Suddenly, there was a high-pitched shriek from the river. A small kitten had fallen in and was thrashing around wildly, fighting for breath. Its eyes were squeezed shut with terror and its mouth was gaping, showing tiny white teeth. Without thinking, Nicky plunged into the water, newly rescued sweater and all. She felt the water around her, making her clothes much heavier and weighing her down. Forgetting the dangers, she shrugged her sweater off and fought her way to air, the blood pounding in her ears and the smells of the river flooding her nose. Once she was above water, she looked for the kitten. It was a few feet away, still thrashing and mewing pitifully. In one large stroke Nicky was beside it, scooping it up and out of danger. Now to get us to safety, she thought, looking around. She stretched out one leg experimentally, but the water was too deep for her to stand in. She could see the shore, but it would be hard to swim without dropping the kitten. She was treading water now, but she was growing tired and it would be hard to keep it up for much longer. She felt herself start to slip underwater, and kicked violently against the river. Hang in there, little kitten, she thought fiercely. Just a little longer, and then we’ll all be safe and sound on land.

    “Let me help you with that,” said a voice, and a small hand reached out. Stretching her arms as far as they could go, Nicky could just reach her rescuer as she and the kitten got pulled into the shore. Gasping with exhaustion, she looked up and grinned. Her rescuer was a small girl, about age twelve, with long light brown hair going down to around her shoulders. She had blue eyes akin to Nicky’s and a friendly smile.

    “Thank you so much, Tianna,” Nicky murmured, hugging her sister. “What are you doing back from the Nature Scouts trip so early?” Tianna had been on a weekend getaway with the Nature Scouts, and was not supposed to return until the next morning.

    “Some animal stole our food – I’m guessing a raccoon – so we had to leave,” Tianna explained. “Everyone was really mad, especially the counselors. Some of them even wanted to take a rifle or too and go raccoon hunting. It was pretty funny.” Tianna smiled a little and played with the strings on her hoodie, as if she was keeping a part of the story to herself. Then she looked up and peered curiously at the furry bundle in Nicky’s arms. “What do you have there, Nicky? It looks like some kind of animal. In my opinion, you’re way too friendly with those devilish creatures.”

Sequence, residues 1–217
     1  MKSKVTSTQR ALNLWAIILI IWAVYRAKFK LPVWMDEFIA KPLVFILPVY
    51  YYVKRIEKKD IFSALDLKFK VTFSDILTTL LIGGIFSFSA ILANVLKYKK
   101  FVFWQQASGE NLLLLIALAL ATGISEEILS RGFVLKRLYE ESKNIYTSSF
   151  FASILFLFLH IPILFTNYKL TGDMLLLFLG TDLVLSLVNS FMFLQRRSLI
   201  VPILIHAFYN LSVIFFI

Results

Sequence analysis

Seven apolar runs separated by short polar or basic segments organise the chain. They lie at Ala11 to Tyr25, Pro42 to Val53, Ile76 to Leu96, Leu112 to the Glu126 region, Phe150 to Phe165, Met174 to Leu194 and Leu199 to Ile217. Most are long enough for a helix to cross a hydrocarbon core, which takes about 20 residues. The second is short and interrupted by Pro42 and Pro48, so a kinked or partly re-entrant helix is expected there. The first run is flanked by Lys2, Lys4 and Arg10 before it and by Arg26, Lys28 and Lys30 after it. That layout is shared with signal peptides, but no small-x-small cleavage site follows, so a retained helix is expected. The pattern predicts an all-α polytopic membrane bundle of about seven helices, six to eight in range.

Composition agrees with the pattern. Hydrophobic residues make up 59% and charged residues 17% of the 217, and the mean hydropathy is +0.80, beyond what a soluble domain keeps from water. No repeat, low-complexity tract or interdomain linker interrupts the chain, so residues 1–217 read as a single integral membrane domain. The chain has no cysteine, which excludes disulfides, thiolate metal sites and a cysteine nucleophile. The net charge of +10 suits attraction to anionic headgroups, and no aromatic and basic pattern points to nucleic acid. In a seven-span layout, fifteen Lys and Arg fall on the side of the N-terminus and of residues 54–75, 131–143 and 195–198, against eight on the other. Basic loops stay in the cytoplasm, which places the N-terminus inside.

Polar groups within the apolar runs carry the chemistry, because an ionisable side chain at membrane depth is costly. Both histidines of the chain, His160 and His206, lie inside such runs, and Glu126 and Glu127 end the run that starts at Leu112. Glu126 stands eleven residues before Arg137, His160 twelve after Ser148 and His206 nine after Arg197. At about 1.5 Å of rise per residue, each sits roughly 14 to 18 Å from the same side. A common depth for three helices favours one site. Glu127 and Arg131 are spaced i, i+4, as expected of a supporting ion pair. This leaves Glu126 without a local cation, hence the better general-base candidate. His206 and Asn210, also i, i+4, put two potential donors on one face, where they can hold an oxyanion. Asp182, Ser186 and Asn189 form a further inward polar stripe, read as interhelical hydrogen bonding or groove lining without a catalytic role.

“Tianna, animals aren’t bad. At least, not all animals. This one seems really nice,” Nicky said, stroking the kitten’s head softly. “I rescued him from the river – I came down to get my sweater since I left it out past curfew, and I heard this little guy crying from the river. I didn’t even think, really, I just knew I had to help him. I think I’m going to keep him,” she decided.

    “No way!” Tianna shrieked. “Animals are illegal. Do you want us both to be killed?”

    “Aw, Tianna, no one will find out. We can keep him in our apartment, and I’ll smuggle some supplies from the stores. I have a cardboard box somewhere we can use as a litter box, and we can use two of our unused cereal bowls as food and water bowls. I can get some mice from the market, and say I’m trying to catch a loose snake. Cats eat mice, don’t they?” Nicky looked up at Tianna with pleading eyes. If Tianna said no, there was nothing Nicky could do. Even if she agreed not to tell, she could still let something slip by accident if her heart wasn’t completely into it. Tianna’s face was thoughtful; her eyes were narrowed and she was chewing her lip slightly.

    “Fine,” she muttered at last, glaring at the little kitten. “We can’t just cast a living thing out to die, even if said living thing is a filthy animal. We can keep it in our apartment, and work out everything from there.” She spun on her heels and marched inside the building, pressing the elevator button. We have an excuse to use the elevator now, Nicky thought gratefully. We can say Tianna got back from Nature Camp and I was escorting her up to our apartment. There are exceptions to the curfew law if you get back from a Nature Scout trip.

    She wrapped the shivering kitten in her sweater and followed Tianna into the elevator. She lifted the sleeve and took the time to get her first good look at the kitten. He was mostly white with a few ginger patches on his body, the most noticeable on his back and over his eye. He was probably around four or five months old. He opened his big amber eyes and opened his mouth. Panicking, Nicky held his mouth shut, glancing around the elevator. He’s probably hungry, she realized with a start, or thirsty. I wonder what we have in the house.